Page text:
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LGBTQ+ Bullying

LGBTQ+ Bullying

Getting bullied at school because of your sexual orientation or gender identity is wrong. Everyone has the right to be educated without fear and your school has a duty to look after you.

However as many people know all too well, the reality is that prejudice and bullying against LGBTQ+ people still goes on, and it can take its toll on young people’s mental health.

On this advice page we’ll explain what LGBTQ+ bullying is, how it can affect people and what support is available.

LGBTQ+ stands for lesbian, gay, bisexual, transgender, questioning and “plus” – which represents all other sexual identities.

If you want to find out more about these terms you can visit MindOut’s LGBTQ+ glossary.

Being a young person can be tough, and it can be even harder for those who are part of the LGBTQ+ community in Scotland.

Unfortunately, bullying and prejudice still exist in schools, and it can be a challenging time for you if you are someone who is experiencing this. But it’s important to remember that you are not alone and there is support available to you.

Everyone deserves to feel safe and accepted for who they are, regardless of their sexual orientation or gender identity.

Bullying is never okay and should not be tolerated. Everyone has the right to be educated without fear and your school has a duty to look after you.

What is LGBTQ+ bullying?

Homophobic, biphobic or transphobic bullying can happen when other people use a person’s real or perceived sexual orientation and/or gender identity to exclude, threaten, hurt, or humiliate them.

Like other forms of bullying, LGBTQ+ bullying can happen face-to-face or online.

It can make people feel threatened, frightened and left out and can stop pupils from learning.

Bullying can take place in or out of school. If you aren’t sure if something you’ve experienced might count as LGBTQ+ bullying, here are some of the things this might look like:

  • Name calling or spreading rumours
  • Physical attack
  • Excluding someone from conversations, activities and games
  • Stealing from someone or damaging their property with homophobic, biphobic and/or transphobic messages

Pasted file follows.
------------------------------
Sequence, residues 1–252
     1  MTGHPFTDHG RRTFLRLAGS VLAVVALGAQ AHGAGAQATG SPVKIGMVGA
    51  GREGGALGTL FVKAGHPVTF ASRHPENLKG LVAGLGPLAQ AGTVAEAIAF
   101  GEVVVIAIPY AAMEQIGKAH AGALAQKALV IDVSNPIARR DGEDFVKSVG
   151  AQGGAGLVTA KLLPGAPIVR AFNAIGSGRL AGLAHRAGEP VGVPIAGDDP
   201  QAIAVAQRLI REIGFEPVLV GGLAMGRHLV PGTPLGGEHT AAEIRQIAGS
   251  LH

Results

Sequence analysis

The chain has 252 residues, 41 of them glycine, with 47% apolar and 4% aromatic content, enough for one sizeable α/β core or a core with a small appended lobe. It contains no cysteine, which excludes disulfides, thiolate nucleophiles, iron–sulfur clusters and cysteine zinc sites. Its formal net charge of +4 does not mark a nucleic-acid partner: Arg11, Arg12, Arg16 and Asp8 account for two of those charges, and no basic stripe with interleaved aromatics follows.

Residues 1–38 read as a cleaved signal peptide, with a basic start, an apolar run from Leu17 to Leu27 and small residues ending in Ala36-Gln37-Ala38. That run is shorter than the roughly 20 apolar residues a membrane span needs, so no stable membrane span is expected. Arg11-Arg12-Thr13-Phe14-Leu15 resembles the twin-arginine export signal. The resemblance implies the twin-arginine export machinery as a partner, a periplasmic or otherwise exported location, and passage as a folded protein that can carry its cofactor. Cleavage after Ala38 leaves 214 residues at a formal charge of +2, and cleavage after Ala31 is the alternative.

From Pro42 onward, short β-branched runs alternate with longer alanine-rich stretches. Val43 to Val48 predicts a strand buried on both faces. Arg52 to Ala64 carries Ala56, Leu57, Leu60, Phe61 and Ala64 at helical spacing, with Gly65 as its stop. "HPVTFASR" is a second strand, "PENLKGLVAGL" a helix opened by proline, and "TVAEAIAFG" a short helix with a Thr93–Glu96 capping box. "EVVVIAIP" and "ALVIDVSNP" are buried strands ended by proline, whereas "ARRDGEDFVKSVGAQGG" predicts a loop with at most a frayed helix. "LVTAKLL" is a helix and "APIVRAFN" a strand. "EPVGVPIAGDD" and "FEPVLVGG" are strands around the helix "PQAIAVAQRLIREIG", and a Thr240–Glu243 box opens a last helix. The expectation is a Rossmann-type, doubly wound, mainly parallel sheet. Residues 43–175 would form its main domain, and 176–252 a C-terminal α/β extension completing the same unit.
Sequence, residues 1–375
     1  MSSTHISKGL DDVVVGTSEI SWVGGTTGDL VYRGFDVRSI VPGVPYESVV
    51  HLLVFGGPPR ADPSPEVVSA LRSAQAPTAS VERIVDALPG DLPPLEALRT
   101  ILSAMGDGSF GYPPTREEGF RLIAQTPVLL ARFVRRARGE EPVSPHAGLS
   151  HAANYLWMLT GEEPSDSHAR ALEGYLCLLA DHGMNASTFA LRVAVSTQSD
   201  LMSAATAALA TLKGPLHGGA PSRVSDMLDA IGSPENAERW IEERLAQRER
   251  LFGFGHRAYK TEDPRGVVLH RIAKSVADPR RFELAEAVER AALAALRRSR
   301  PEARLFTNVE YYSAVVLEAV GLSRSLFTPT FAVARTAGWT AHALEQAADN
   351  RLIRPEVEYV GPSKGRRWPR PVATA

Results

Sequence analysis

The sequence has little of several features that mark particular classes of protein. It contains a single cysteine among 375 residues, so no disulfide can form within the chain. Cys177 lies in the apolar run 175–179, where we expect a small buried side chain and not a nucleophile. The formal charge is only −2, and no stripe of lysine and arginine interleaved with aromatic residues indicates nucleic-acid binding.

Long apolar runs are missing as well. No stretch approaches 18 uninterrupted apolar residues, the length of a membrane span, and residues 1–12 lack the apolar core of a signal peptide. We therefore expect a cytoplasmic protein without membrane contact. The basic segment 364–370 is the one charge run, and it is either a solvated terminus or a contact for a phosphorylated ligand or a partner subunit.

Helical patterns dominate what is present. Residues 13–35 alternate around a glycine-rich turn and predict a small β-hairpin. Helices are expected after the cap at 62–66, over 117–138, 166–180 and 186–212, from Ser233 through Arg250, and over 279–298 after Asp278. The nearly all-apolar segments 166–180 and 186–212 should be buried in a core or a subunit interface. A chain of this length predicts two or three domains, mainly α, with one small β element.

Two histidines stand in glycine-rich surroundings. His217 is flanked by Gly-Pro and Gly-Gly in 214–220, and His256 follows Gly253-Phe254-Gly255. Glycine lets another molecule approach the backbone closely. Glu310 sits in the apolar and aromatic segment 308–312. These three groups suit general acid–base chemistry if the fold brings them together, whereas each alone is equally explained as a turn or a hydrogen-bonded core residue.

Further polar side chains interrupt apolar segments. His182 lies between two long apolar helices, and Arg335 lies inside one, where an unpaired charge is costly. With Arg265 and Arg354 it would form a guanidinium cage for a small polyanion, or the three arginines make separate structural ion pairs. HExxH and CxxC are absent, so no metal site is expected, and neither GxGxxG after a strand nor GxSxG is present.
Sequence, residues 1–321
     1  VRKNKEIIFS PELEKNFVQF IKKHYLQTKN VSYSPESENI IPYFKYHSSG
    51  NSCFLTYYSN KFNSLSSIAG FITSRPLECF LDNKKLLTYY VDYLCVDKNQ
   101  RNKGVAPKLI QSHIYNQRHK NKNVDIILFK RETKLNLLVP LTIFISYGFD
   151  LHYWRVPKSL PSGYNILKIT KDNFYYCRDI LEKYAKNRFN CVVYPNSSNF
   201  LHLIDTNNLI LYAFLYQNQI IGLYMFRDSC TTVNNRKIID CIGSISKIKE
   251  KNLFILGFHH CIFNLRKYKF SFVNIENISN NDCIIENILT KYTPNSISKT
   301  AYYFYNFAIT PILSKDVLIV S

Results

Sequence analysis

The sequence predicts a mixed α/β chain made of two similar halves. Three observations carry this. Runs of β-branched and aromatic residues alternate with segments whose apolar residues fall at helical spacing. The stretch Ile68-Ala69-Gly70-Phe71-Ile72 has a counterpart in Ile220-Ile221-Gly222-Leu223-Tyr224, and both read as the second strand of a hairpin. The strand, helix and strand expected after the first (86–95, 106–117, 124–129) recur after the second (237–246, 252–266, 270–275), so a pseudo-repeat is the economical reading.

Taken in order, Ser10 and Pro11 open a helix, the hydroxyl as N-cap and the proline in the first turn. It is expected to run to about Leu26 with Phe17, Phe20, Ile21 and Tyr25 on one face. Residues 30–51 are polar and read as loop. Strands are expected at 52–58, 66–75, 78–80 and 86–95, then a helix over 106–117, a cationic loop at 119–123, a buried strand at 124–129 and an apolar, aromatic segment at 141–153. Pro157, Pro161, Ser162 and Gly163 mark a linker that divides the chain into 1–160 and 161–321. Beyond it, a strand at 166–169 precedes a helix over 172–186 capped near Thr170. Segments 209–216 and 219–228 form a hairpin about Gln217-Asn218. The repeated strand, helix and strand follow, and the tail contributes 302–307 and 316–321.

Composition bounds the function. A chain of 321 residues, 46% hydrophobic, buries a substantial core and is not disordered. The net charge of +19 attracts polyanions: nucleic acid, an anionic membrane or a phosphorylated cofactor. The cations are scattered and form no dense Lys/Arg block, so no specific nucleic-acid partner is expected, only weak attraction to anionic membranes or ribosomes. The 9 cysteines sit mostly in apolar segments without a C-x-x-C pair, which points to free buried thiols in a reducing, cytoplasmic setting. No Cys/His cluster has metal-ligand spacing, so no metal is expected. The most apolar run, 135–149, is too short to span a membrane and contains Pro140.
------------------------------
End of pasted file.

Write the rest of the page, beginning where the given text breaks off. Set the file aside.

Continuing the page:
• Threatening someone or spreading rumours through texts or social media
  • ‘Outing’ or threatening to ‘out’ someone
  • Gestures, or looks
  • Harassment or intimidation
  • Asking invasive questions about your body and/or relationships
  • Using the wrong name and/or pronoun on purpose. This is different from people trying their best and making a mistake.
  • Anything else that makes you feel threatened, frightened and left out.

How can Bullying affect your learning?

If you are being bullied it can have a negative impact on your education. Bullying is not only hurtful emotionally, but it can affect your ability to learn too.

We do our best learning when we feel safe and relaxed.

When you’re being bullied, it can be incredibly difficult feel settled and concentrate in school.

This might be because:

LGBT Youth Scotland are the national charity for LGBTQ+ young people. They spoke to LGBTQ+ young people about their experience of school in Scotland:

58% of bisexual participants, 70% of gay and lesbian participants and 57% of trans participants experienced homophobic, biphobic and transphobic bullying in school.

70% of participants said that homophobia, biphobia and transphobia had a negative impact on their educational experience.

*Reference: Cronie, K., (2022) Life in Scotland for LGBT Young People. LGBT Youth Scotland.

These numbers demonstrate how LGBTQ+ bullying is affecting pupils in Scotland.

If you are one of those affected, it’s important to remember that education is your right. You deserve an environment where you can learn and grow without fear.

If you are experiencing bullying or prejudice at school, it’s important to talk to someone you trust. This could be a friend, family member, or teacher.

To find out more about LGBTQ+ young people’s experiences of school check out the LGBT Youth Scotland Education Report.